Not just a beauty contest

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Pepperdine University senior Brie Gabrielle was named Miss Malibu 2012. She went on to compete against 278 other women for the title of Miss California last month, where she earned second place. Photo by Todd Levine

Miss Malibu Brie Gabrielle talks about the preparation and training that goes into competing at beauty pageants after she nearly clinched the Miss California USA title last month.

By Michael Aushenker / Special to The Malibu Times

Seven years ago, Brie Gabrielle won the Miss Teen Malibu contest, despite experiencing a debilitating episode of stage fright. When a judge asked the 14-year-old who her favorite world leader was, Gabrielle drew a blank.

“I froze up for like two minutes,” she recalled. “The audience members shouted out answers. It was that bad. From that point, I always had a phobia of standing on stage like that.”

Now 21, Gabrielle has come a long way since that awkward moment. Last fall, the Pepperdine University senior won the title of Miss Malibu 2012, and in January, Gabrielle was named first runner-up at the Miss California USA beauty pageant in Palm Springs.

With 278 women competing, Miss California is the most competitive pageant in the nation. The competition consisted of three nights: Friday night featured interviews with the panel judges and Saturday night was the evening gown and bathing suit contest. Scores from both nights were combined to narrow the nearly 300 women down to just 20 finalists by Sunday night.

With so many women competing for Miss California, Gabrielle left nothing to chance.

“I did a lot of interview coaching,” she said. “I did a lot of research when it came to politics in California, the presidential politics going on right now.”

Her pursuit of an acting career has also helped her poise on stage. Since age 14, Gabrielle has played on television and in movies. Her credits include a horror film called “Forget Me Not” and guest-starring roles on shows such as “My Name is Earl,” “Criminal Minds,” “The Riches,” “Cold Case” and “Hannah Montana.”

To prepare physically for Miss California, Gabrielle worked with a personal trainer.

“We did the stairs in Santa Monica,” she said. “I didn’t think I was able to walk in heels because of my calves. I definitely gave myself an ice bath because my muscles hurt so bad.”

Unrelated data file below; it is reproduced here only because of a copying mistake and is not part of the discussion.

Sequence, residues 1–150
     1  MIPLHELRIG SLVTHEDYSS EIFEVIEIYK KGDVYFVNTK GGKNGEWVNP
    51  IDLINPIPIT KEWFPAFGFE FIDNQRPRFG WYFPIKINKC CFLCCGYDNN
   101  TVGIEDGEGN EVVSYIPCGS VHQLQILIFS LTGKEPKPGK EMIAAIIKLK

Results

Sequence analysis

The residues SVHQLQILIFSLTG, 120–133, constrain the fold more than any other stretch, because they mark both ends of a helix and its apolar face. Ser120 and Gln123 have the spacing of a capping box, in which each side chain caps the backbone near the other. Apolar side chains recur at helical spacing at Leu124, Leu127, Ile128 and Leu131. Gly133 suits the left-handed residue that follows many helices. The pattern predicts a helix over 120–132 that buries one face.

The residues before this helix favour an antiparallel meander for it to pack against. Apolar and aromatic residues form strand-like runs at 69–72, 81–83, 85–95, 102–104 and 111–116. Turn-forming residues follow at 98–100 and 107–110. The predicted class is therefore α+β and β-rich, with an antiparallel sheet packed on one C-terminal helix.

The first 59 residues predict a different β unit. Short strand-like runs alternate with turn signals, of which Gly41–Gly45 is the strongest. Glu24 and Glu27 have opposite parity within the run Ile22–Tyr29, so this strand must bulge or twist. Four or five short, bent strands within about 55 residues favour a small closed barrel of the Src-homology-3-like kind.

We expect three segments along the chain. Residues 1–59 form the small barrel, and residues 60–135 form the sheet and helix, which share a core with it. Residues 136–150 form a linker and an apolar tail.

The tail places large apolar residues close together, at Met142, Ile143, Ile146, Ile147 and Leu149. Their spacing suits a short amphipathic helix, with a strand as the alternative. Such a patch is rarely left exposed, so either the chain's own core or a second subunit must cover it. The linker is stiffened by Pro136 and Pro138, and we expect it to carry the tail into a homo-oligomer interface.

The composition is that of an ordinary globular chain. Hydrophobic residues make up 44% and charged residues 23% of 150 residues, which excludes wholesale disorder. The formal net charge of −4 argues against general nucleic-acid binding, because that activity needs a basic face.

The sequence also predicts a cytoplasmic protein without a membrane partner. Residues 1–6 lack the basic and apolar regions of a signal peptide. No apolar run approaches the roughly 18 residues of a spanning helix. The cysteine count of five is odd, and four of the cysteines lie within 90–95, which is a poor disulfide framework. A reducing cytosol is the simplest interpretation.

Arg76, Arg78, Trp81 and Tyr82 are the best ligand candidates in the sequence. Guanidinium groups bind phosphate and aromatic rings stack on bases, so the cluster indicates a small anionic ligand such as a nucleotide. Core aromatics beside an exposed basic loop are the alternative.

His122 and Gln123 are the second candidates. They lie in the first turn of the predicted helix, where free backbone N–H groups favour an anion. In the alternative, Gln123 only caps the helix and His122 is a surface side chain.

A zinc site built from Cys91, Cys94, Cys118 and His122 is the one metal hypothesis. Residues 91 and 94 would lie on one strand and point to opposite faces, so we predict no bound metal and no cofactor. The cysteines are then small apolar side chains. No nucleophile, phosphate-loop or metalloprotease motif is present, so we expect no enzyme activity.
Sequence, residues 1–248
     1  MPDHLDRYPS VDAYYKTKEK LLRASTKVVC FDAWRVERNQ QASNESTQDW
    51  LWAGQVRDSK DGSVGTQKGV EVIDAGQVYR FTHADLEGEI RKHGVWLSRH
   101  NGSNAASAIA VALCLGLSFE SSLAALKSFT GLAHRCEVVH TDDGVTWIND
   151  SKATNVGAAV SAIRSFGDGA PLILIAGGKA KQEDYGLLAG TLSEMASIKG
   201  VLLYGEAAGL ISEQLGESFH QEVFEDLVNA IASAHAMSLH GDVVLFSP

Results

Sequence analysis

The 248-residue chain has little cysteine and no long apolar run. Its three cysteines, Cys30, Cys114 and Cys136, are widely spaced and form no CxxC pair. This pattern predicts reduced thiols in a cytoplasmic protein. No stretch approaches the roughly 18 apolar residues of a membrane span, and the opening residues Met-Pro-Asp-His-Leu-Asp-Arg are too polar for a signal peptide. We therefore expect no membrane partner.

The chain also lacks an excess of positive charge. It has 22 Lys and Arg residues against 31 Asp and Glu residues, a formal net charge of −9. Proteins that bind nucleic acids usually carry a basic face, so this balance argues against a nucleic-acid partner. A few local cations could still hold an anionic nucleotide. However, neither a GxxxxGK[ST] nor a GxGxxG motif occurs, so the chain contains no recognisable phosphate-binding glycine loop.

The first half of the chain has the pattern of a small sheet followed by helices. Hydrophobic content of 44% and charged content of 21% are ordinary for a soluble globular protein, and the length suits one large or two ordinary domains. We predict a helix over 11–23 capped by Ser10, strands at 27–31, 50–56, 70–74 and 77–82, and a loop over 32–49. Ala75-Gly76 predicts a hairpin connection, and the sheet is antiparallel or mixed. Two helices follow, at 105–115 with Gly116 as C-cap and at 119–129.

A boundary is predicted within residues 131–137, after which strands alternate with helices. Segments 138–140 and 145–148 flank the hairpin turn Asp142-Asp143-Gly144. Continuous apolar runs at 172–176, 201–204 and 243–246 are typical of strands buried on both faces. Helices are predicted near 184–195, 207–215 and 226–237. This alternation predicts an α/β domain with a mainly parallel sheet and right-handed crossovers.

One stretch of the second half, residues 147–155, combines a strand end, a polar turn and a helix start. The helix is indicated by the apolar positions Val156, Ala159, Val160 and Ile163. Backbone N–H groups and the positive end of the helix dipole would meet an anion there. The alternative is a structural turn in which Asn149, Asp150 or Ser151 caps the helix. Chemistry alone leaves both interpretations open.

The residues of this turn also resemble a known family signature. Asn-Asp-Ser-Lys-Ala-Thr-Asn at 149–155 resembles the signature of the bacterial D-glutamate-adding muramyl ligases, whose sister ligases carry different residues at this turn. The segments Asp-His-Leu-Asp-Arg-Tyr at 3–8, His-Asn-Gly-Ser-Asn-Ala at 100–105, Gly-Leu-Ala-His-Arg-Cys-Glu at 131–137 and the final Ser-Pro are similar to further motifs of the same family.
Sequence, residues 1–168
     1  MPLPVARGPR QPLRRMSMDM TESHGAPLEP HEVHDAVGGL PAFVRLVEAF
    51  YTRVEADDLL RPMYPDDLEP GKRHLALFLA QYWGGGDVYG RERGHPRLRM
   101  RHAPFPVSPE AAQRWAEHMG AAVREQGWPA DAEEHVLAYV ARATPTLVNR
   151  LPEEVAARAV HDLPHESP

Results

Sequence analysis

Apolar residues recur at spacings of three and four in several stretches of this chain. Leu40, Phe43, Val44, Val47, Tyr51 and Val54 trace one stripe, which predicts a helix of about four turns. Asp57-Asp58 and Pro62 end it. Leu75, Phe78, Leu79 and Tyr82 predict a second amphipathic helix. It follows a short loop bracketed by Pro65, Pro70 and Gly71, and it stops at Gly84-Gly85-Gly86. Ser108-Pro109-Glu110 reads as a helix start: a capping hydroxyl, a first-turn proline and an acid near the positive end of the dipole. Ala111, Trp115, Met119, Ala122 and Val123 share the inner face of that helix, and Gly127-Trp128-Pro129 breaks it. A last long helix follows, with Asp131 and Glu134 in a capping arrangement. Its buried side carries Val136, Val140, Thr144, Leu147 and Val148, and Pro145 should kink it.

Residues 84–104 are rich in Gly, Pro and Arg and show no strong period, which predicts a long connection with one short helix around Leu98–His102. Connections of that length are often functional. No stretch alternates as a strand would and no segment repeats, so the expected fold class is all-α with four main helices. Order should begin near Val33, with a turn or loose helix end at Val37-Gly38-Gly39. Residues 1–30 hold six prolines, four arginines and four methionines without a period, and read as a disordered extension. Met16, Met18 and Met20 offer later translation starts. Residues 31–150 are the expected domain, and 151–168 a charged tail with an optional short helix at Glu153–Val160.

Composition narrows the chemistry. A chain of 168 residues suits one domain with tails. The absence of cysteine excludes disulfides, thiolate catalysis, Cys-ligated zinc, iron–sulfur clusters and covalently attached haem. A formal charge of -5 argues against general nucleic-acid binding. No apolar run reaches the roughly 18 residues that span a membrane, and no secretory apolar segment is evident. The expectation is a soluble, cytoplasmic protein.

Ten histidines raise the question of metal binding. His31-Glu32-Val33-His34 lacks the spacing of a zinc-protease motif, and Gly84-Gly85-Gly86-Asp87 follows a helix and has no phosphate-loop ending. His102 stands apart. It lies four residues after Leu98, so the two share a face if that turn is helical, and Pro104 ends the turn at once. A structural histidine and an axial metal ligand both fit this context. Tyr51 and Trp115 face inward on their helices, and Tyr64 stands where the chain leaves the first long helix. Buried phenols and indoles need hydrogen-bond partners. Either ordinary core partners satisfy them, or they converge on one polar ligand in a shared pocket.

Gabrielle also worked out at a Malibu gym.

“I did a lot of cardio, yoga and some surfing,” she said. “And of course, eating healthy.”

As a finalist, Gabrielle received two questions: one from a contestant, the other from a judge.

The first question: “What is the characteristic that you think you have that would make you a good Miss California?”

“Determination,” Gabrielle answered. “Growing up, we lived in the Malibu RV Park in a 10-by-30-foot motor home. We didn’t have any money and we drove by Pepperdine every day. And even though I knew it would cost a lot of money, I knew I would be going there one day.”

She was also asked, if she had a classmate who was cheating on a test, would she tell the teacher?

“The girl before me froze,” Gabrielle said. “I felt so bad for her because that’s what I went through when I was 14.”

Gabrielle answered, “No, I wouldn’t tell on them because in reality they are only cheating themselves. I would disassociate myself from them as a friend because it was cheating. However, I believe in karma.”

Gabrielle ultimately lost the crown to “Miss Hoag Hospital” Natalie Pack, a UC Irvine medical school student who entered on behalf of the Newport Beach facility where she is interning.

Despite the near miss, Gabrielle loved the experience. A personal highlight for Gabrielle came close to home.

“My roommate [at Pepperdine], she had gotten into a car accident,” Gabrielle said. “She didn’t think she could walk again. She was there [competing] and she moved me to tears.”

Gabrielle relished the idea of coming so close to winning the title.

“It was such an enlightened idea for me that I could make it that far and I gained a lot of confidence and maturity,” she said. “I could not believe that I made it this far. There were 278 intelligent women competing.”

Most of all, Gabrielle feels that she has come a long way since the Miss Teen Malibu contest when she experienced stage fright.

“I think I’ve pretty much overcome that [fear],” she said. “That’s my own personal yee-haw!”